Here’s a profile of Gillespie from John Ingold writing for The Denver Post. From the article:
“It’s pretty evident that this is one of the drier years,” Gillespie said. “It’s not looking like a good start at all to the year.”
Gillespie, who started doing snow surveys in Wyoming 31 years ago, has the experience to know. But Thursday was the last survey he will do. As of the end of today, Gillespie is retired.
That is a substantial loss of institutional knowledge in the obscure but important world of Colorado snowpack analysis. Gillespie’s snowpack measurements are closely watched by Colorado water managers, who use them to determine how much water will be available in the spring and summer.
Gillespie said his analyses can predict the amount of water in the spring runoff within about 10 percent.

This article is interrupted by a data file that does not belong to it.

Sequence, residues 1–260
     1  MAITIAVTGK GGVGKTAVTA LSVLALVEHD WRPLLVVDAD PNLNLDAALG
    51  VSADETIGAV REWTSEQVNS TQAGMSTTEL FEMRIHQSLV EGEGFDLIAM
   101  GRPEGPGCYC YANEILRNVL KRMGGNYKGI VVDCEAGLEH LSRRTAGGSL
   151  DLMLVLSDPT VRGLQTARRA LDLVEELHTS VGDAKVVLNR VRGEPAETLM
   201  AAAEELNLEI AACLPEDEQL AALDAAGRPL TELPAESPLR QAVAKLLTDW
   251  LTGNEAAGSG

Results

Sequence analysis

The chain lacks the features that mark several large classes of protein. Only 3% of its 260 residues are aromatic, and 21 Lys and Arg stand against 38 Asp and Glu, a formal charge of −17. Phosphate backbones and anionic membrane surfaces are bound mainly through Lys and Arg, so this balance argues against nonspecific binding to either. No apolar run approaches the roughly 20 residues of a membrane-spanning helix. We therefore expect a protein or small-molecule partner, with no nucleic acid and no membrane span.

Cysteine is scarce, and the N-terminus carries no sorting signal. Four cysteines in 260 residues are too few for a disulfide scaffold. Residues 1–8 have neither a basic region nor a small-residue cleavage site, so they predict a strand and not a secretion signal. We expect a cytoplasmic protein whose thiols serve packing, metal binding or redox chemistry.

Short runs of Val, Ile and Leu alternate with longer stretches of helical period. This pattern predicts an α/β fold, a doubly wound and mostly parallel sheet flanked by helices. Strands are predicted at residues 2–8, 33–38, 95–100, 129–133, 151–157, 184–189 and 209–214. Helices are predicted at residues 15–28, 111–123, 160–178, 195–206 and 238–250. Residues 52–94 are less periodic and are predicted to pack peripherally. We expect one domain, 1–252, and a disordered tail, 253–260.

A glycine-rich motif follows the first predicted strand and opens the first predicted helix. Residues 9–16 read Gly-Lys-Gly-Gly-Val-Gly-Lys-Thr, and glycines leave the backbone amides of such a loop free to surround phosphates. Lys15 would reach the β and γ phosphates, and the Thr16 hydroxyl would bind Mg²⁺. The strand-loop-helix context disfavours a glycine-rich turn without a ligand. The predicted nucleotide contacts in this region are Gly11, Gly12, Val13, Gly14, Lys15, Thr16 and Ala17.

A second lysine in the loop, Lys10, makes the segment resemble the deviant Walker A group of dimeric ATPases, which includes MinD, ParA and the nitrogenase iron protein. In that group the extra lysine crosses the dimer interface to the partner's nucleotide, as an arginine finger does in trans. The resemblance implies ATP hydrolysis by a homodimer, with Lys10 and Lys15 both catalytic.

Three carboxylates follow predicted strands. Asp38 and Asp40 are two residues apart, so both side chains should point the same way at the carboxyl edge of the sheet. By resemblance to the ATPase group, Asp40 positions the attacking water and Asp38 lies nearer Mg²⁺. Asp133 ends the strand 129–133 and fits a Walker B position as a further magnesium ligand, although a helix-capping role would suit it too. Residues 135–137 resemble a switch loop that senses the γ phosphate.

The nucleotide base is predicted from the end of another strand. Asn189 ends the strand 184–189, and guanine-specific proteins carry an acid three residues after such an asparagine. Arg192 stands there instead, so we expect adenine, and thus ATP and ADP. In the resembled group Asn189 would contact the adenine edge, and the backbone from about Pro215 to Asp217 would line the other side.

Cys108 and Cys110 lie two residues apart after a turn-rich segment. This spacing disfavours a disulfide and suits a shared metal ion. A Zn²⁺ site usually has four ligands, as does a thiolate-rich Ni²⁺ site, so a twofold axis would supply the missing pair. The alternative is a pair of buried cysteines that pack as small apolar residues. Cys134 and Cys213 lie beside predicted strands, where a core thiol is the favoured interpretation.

Every year, Gillespie has overseen an effort to manually measure snowpack at more than 100 high-altitude “snow courses” across the state. He also has been instrumental in expanding the state’s use of automated snowpack sensors, which now number about 110 and provide daily snowpack updates…
Nolan Doesken, the state climatologist, said Gillespie brought a sense of competence to the high stakes of water-supply prediction and an aura of calmness to often panicky meetings about drought or flooding. “He was just always steady and reliable,” Doesken said. “You could always count on the data.”
I’ve heard Mike’s presentations on snowpack many times over the years. I’ll miss his sharp wit and steady focus on framing and interpreting the data his team collects.
Mike says, in email today, “On to bigger, and hopefully better, things.”